WPA2 KRACKS: Encrypted Information Now at Risk

Cyber threats never seem to stop evolving. On October 16th, Network Researcher Mathy Vanhoef discovered something disturbing. He identified a protocol exploit in WPA2, which is the protocol that is used to secure most Wi-Fi networks. Vanhoef named the exploit KRACKS which stands for Key Reinstallation Attacks. KRACKS are able to read all information that was previously assumed to be encrypted that passes through a network. This includes things such as emails, passwords, credit card information, documents, and anything else that may be sensitive that you may pass through the web. All modern Wi-Fi networks are impacted as well as most Wi-Fi supported devices. Another worrying aspect of this exploit is that beyond just capturing information in-transit the exploit is able to inject and manipulate data as well. This opens up the possibility to develop false information, or even inject malware onto a website or device creating a watering hole in effect.

What is KRACKS: Encrypted Information Now at Risk

How WPA2 KRACKS Attacks Works

During a key installation attack, the hacker manipulates the victim into reinstalling another encryption key. This is accomplished by manipulating the four-way handshake messages to negotiate a new encryption key. Once an encryption key is reinstalled packet transit numbers and replay counters are reset. Once this happens, the attackers are able to intercept information transmitted over the network and also decrypt all encrypted packets of information. The attack is performed as follows:

Common Vulnerabilities

As noted from the KRACK Attack web resource, there have been ten vulnerabilities  associated with a key reinstallation attack. They are:

  • CVE-2017-13077: Reinstallation of the pairwise encryption key (PTK-TK) in the 4-way handshake.
  • CVE-2017-13078: Reinstallation of the group key (GTK) in the 4-way handshake.
  • CVE-2017-13079: Reinstallation of the integrity group key (IGTK) in the 4-way handshake.
  • CVE-2017-13080: Reinstallation of the group key (GTK) in the group key handshake.
  • CVE-2017-13081: Reinstallation of the integrity group key (IGTK) in the group key handshake.
  • CVE-2017-13082: Accepting a retransmitted Fast BSS Transition (FT) Reassociation Request and reinstalling the pairwise encryption key (PTK-TK) while processing it.
  • CVE-2017-13084: Reinstallation of the STK key in the PeerKey handshake.
  • CVE-2017-13086: reinstallation of the Tunneled Direct-Link Setup (TDLS) PeerKey (TPK) key in the TDLS handshake.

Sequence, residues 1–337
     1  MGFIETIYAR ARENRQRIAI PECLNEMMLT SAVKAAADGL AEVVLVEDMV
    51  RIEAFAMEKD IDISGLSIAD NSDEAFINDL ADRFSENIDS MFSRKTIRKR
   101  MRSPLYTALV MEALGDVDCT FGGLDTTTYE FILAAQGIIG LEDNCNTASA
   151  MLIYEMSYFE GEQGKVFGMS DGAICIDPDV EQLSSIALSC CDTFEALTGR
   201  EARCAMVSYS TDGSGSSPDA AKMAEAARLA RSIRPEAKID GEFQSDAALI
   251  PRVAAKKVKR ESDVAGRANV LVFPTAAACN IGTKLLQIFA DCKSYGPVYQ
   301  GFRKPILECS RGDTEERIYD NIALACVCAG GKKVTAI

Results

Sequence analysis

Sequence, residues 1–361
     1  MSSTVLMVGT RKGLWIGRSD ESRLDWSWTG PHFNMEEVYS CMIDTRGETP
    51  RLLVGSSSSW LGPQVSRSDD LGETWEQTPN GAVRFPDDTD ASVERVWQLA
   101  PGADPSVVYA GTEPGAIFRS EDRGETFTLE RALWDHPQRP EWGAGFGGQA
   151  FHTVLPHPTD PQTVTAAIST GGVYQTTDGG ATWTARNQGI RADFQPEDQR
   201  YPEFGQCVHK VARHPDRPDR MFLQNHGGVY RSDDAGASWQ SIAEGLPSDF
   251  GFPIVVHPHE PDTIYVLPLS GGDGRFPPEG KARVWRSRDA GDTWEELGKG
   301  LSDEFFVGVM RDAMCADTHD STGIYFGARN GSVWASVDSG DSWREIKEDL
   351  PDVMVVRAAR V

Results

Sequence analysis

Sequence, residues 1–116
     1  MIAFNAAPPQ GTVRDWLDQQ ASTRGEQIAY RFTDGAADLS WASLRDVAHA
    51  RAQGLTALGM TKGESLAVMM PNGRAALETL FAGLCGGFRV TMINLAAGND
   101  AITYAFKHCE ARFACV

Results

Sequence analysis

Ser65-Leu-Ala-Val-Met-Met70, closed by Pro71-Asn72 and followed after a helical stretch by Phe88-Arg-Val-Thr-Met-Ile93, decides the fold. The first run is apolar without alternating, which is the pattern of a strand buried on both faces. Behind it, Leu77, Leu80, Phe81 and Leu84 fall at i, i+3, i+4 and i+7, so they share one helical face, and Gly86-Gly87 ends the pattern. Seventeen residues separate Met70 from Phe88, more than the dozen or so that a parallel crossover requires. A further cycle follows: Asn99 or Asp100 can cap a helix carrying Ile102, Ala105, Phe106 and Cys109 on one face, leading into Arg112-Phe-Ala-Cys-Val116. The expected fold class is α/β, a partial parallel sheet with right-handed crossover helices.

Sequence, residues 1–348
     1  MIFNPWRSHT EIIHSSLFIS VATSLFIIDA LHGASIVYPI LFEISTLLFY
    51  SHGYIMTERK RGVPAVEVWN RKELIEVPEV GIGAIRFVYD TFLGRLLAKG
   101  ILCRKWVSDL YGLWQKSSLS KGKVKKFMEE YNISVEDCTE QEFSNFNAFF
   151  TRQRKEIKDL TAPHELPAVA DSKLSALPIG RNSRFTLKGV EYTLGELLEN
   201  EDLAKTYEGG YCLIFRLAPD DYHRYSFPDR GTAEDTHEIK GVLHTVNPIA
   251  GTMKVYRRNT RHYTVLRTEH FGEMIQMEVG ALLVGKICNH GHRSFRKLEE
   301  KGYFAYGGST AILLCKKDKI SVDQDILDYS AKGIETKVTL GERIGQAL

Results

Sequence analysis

• CVE-2017-13087: reinstallation of the group key (GTK) when processing a Wireless Network Management (WNM) Sleep Mode Response frame.
  • CVE-2017-13088: reinstallation of the integrity group key (IGTK) when processing a Wireless Network Management (WNM) Sleep Mode Response frame.

Potential Impacts of KRACKS

The implications and potential impacts of this style of attack are quite severe. If a hacker does this style of cyber attack on a network, they have the ability to gain credentials from business or to even watch an endpoint on a network for sensitive data that is transmitted over it. The hacker doesn’t necessarily have to be an outside actor. KRACKS adds to the arsenal of tools available to malicious insiders. Under the context of insider threats, KRACKS would allow an insider to inject malicious code into the network. If for example there’s a website that is only able to be accessed on the network and has poorly configured SSL certificates. It would not be difficult for a malicious insider to inject malware or ransomware into the internal website and treat the http variant of it as a watering hole and vector for spreading a vicious attack. The vulnerability has the potential to bring down an organization in the hands of a dangerous insider or external hacker.

How to Protect Your Network from KRACKS

Right now the options are limited for potential victims. One of the recommended steps to take is to contact the manufacturer of any Wi-Fi enabled devices you own and ask about an update or patch that addresses this vulnerability. The other recommendation is to use a virtual private network and triple check that websites you are visiting are using HTTPS properly. Businesses should disable client access and 802.11r. In the near future, endpoints (phones, laptops, and smart devices) will likely have an update pushed out soon.

Joshua Morales

Joshua Morales

Joshua Morales is a San Juan based writer who enjoys producing cyber-security insights for business leaders around the globe.
He can also be found writing about sustainability, capital markets, and open-source software. Joshua can be contacted at joshua@teramind.co

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